Alternatives to reciprocal sharing include nepotistic sharing with kin or tolerated scrounging [22,23] (or harassment [30]). With tolerated scrounging, sharing occurs because of possessors’ inability to monopolize food due to costs imposed by non-possessors, and food given is therefore predicted by factors operationalizing these costs such as spatial proximity, relative need, dominance rank or solicitation pressure [20,3133] rather than food or other benefits received. Nepotistic sharing and tolerated scrounging should lead to imbalances in exchange in favour of close kin, neighbours, low producers or dominants. As with the classic example of sharing among vampire bats [13], solid evidence for reciprocity in humans and primates therefore needs to show balanced exchange after controlling for sharing due to nepotism and tolerated scrounging. Evidence for reciprocity independent of these other factors is consistent with some form of score-keeping [11].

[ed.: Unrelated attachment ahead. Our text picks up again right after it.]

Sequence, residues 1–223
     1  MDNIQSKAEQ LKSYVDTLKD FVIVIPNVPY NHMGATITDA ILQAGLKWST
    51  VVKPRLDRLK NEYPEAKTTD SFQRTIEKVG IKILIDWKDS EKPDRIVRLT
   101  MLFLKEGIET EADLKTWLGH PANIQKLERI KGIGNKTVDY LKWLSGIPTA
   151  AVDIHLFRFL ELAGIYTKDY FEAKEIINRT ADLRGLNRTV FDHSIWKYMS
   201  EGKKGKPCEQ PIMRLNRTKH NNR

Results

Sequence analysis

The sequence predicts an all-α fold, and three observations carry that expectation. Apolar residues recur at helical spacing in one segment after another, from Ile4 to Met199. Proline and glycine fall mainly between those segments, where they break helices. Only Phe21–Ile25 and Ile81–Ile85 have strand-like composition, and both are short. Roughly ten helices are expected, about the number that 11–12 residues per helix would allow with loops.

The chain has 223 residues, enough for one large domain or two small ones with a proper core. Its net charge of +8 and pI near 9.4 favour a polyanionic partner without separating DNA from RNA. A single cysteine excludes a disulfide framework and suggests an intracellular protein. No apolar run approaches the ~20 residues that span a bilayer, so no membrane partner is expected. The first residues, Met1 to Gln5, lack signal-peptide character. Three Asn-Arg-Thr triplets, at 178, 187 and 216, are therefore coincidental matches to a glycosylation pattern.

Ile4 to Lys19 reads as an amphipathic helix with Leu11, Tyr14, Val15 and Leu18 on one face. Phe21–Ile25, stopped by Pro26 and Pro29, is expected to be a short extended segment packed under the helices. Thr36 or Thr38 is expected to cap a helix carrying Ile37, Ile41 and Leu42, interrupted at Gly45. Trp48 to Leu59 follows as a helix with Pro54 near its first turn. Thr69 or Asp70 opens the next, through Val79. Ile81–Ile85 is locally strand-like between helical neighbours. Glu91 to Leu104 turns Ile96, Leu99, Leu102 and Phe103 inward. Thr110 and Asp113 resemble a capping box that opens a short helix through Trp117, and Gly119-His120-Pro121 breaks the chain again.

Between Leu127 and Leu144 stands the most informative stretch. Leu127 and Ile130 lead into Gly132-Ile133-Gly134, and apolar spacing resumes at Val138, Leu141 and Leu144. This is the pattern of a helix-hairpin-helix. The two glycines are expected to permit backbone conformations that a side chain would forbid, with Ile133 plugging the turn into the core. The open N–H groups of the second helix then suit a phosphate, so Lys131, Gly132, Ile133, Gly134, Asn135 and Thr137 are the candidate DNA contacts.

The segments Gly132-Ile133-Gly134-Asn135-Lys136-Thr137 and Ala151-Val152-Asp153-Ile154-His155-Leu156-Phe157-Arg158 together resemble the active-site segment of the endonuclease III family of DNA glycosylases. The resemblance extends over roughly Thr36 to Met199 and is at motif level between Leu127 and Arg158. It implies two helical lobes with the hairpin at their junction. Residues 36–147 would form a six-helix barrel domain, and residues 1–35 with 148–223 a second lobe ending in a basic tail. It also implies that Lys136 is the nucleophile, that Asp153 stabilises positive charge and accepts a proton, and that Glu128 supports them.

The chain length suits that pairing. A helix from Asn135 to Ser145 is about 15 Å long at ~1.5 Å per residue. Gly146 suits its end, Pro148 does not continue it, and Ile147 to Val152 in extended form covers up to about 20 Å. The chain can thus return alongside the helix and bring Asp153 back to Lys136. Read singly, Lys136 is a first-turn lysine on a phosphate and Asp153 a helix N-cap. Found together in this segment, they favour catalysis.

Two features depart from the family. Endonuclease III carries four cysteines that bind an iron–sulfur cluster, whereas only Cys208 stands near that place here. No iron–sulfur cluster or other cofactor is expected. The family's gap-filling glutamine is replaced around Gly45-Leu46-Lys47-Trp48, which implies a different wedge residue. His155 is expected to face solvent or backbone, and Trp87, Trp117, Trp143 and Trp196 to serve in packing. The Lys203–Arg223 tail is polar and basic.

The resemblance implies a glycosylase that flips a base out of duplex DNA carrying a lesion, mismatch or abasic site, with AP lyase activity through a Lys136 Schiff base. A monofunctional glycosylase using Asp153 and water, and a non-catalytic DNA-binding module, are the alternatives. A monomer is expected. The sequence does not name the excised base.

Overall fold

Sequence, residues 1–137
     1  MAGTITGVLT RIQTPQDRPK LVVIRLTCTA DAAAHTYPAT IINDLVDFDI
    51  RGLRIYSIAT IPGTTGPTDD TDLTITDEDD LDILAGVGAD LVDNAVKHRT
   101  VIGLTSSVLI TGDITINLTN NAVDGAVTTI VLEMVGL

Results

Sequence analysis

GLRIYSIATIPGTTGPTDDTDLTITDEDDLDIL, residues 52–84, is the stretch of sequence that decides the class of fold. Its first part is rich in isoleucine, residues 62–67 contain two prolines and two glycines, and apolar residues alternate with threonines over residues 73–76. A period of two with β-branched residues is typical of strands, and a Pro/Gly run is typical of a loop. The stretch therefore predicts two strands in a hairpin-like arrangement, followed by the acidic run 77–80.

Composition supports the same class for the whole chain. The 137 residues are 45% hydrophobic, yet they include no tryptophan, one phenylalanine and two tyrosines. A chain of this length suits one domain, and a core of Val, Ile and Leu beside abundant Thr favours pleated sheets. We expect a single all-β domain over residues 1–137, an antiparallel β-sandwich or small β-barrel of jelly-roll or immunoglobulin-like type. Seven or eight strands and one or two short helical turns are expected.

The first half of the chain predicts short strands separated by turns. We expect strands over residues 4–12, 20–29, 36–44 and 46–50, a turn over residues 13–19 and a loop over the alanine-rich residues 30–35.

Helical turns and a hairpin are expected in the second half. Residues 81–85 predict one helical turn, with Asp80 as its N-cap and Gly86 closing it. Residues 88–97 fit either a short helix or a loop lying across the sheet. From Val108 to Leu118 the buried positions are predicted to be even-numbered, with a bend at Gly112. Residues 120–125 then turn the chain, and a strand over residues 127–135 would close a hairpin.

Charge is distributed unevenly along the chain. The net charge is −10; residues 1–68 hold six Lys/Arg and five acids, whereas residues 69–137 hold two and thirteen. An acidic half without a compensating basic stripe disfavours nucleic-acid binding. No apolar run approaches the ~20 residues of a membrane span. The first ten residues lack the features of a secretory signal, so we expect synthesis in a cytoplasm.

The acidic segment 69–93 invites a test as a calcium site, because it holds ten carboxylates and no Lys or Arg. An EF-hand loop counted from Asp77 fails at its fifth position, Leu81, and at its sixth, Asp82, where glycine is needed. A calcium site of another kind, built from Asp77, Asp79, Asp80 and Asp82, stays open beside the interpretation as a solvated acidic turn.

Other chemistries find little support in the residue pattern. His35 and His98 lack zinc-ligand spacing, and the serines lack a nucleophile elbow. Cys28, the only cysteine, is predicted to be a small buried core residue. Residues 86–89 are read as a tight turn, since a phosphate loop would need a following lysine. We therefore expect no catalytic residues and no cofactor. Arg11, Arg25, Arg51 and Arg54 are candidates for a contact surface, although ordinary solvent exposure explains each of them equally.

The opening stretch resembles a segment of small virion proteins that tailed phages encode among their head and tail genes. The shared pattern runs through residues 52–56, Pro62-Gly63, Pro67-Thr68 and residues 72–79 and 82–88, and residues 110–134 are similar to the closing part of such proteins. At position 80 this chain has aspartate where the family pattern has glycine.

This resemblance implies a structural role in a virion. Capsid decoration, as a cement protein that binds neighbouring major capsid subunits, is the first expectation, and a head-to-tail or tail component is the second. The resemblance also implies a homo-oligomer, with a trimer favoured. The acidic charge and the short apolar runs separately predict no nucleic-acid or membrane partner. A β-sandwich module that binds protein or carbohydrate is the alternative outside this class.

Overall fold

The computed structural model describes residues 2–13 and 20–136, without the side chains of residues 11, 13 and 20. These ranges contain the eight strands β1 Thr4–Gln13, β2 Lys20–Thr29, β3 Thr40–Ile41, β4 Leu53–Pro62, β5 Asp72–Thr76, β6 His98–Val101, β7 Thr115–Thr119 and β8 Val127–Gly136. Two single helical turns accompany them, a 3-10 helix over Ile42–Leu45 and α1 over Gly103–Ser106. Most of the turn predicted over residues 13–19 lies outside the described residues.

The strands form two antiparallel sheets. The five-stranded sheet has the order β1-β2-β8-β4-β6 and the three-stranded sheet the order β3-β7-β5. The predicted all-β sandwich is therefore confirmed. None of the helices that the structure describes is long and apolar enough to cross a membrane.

Following from this introduction, we address a number of questions:

  • — Is reciprocity a commonly observed feature of human and primate food sharing, i.e. are there significant effects of receiving food and/or other commodities on giving food?

  • — Are there differences in the strength of reciprocity between taxonomic subgroups, in particular between humans, apes and monkeys?

  • — Does the effect of reciprocity remain even after controlling for kinship, tolerated scrounging, methodological differences and phylogenetic non-independence?

  • — What are the relative effects of reciprocity, kinship and tolerated scrounging?

Following previous work on grooming reciprocity in primates [911], we used meta-analyses to address these questions. Modern meta-analyses statistically combine results from all available quantitative studies to get overall weighted effect sizes and are therefore more objective than simple vote-counting or narrative reviews [34]. Furthermore, they allow controlling for various confounding variables such as methodological differences and publication bias.

2. Material and methods

(a) Compiling the dataset